We have long had a vision for a Performing Arts Centre, an environment in which everyone – whether artist, scientist or mathematician – can develop self-expression and fluency. We are bringing this vision to life to mark our 400th anniversary: work began in early 2016 and the Centre opened in the spring of 2018.
In many ways this is the most radical development at the School since its move to Hills Road in 1960. It recognises that the performing arts help develop confidence, creativity and communication, and places them at the heart of our site and everyday school life. This 370-plus seat facility has many roles beyond a narrower definition of the ‘performing arts’: it plays host to drama, music and performance poetry, but also debating, lectures and assemblies. It features full backstage facilities, enabling students to experience all aspects of staging a production and building on the activities of our thriving Technical Theatre Club; a triple-height foyer incorporating exhibition space for art, technology and other shows; a coffee bar; and a rehearsal studio.
The development also includes a new Classics Department and a large court with trees and seating, which creates a welcoming and relaxing green space for pupils.
The idea has its roots in our history. The celebrated Perse ‘Play Way’ tradition of learning through performing, created by Henry Caldwell Cook in the early 20th century, nurtured such eminent Perseans as the founder of the Royal Shakespeare Company, Sir Peter Hall. The old mummery where students improvised plays – based on an Elizabethan theatre – is fondly remembered to this day by many alumni. While the mummery itself has gone, its spirit lives on in our thriving formal and informal drama programmes, which have outgrown our lecture theatre.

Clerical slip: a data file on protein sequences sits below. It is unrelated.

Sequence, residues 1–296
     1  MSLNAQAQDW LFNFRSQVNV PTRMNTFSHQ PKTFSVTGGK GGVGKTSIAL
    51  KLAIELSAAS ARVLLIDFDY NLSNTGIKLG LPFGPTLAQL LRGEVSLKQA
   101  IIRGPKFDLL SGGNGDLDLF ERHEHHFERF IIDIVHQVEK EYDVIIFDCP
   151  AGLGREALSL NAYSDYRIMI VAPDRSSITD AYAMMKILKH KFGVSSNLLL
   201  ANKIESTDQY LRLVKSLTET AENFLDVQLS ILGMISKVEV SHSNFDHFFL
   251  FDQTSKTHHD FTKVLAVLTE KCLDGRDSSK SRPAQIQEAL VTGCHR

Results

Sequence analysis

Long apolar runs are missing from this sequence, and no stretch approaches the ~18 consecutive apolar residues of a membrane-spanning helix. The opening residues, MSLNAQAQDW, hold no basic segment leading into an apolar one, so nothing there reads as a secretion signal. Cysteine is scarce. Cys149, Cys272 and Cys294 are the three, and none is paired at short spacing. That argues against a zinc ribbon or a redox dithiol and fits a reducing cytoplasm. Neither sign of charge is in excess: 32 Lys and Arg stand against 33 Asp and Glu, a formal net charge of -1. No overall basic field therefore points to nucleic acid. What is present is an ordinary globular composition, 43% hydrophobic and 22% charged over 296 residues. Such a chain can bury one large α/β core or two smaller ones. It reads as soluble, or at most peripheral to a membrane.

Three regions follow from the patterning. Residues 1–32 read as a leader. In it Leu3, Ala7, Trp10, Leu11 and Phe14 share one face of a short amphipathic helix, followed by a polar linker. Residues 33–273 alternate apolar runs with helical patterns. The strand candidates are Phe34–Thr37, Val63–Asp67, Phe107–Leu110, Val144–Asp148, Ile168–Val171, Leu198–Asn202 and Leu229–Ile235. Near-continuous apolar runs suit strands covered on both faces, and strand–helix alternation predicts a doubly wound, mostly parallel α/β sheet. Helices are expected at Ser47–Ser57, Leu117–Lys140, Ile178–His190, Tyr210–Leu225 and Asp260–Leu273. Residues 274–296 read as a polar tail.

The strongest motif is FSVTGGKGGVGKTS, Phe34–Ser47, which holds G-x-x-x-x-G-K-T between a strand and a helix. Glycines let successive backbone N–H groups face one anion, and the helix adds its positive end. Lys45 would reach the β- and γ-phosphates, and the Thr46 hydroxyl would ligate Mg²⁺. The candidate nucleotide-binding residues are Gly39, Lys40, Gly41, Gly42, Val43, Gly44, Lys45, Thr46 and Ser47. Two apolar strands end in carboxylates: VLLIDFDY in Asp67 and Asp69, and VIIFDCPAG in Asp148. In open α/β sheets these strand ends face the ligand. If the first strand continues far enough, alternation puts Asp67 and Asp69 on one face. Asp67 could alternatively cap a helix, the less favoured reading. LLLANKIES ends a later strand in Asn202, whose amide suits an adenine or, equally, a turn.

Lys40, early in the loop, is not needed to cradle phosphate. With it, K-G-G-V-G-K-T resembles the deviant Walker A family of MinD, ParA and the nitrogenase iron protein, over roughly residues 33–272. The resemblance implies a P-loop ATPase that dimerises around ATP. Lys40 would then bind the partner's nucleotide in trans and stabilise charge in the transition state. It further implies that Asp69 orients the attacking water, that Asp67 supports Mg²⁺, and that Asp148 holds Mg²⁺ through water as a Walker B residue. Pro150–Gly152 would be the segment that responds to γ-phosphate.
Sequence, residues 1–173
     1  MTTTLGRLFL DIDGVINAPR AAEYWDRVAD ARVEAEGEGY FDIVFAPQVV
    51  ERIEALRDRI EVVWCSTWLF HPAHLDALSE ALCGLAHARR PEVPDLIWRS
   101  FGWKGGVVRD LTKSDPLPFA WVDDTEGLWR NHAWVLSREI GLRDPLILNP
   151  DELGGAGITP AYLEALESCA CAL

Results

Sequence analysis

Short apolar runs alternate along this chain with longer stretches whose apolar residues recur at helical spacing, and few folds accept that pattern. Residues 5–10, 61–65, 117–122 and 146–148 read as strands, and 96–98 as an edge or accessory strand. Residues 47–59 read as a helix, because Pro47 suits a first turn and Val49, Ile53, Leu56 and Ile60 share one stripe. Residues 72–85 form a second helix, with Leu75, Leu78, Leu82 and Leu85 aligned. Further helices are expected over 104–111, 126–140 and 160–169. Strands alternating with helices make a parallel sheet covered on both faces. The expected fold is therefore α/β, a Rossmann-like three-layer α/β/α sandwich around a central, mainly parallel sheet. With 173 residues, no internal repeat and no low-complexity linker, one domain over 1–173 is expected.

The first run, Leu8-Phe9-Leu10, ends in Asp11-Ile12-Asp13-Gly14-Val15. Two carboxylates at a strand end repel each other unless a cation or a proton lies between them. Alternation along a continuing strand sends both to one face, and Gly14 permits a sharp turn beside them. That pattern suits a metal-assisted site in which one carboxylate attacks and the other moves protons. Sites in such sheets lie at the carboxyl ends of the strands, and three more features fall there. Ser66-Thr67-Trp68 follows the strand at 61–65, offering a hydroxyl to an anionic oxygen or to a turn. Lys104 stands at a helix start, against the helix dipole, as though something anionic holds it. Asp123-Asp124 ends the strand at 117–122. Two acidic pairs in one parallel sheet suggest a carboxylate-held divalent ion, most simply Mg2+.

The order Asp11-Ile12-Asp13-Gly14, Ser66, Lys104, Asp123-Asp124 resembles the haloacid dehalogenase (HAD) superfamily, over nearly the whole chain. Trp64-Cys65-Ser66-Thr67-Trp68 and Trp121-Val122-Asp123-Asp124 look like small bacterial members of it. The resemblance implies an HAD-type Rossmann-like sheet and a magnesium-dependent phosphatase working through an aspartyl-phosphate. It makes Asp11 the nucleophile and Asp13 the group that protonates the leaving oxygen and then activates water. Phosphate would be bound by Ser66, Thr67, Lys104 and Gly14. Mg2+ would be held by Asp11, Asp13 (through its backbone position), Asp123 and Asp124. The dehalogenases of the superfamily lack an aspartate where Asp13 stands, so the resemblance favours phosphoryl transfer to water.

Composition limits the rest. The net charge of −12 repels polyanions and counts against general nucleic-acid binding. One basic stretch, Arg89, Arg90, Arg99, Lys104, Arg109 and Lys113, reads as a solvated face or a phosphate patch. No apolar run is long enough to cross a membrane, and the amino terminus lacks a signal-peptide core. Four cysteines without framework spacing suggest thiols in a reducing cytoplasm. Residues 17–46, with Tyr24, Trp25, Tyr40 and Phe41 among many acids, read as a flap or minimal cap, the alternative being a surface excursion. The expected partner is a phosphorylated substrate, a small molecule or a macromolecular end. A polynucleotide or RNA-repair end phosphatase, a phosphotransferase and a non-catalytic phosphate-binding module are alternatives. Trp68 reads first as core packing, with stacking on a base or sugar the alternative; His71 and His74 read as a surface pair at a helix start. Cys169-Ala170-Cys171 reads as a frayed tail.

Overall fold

Haworth Tompkins were our architects for the Peter Hall Performing Arts Centre. Their performing arts work is extensive and includes: the Ruddock Performing Arts Centre at King Edward’s School, Birmingham; Everyman Theatre, Liverpool for which the firm won the 2014 RIBA Stirling Prize; the Young Vic; Britten Studio and Jerwood Kiln Studio at Aldeburgh; the Royal Court; and the North Wall Theatre at St Edward’s School, Oxford. Haworth Tompkins are engaged on the redevelopment of both the Chichester Festival Theatre and Bristol Old Vic, and the masterplanning, extension and improvement of the National Theatre on the South Bank. Read more here.
For opportunities to support the Peter Hall Performing Arts Centre, including the chance to name a seat, please see the performing arts pages in our our alumni section.
Photo Credit: Phillip Vile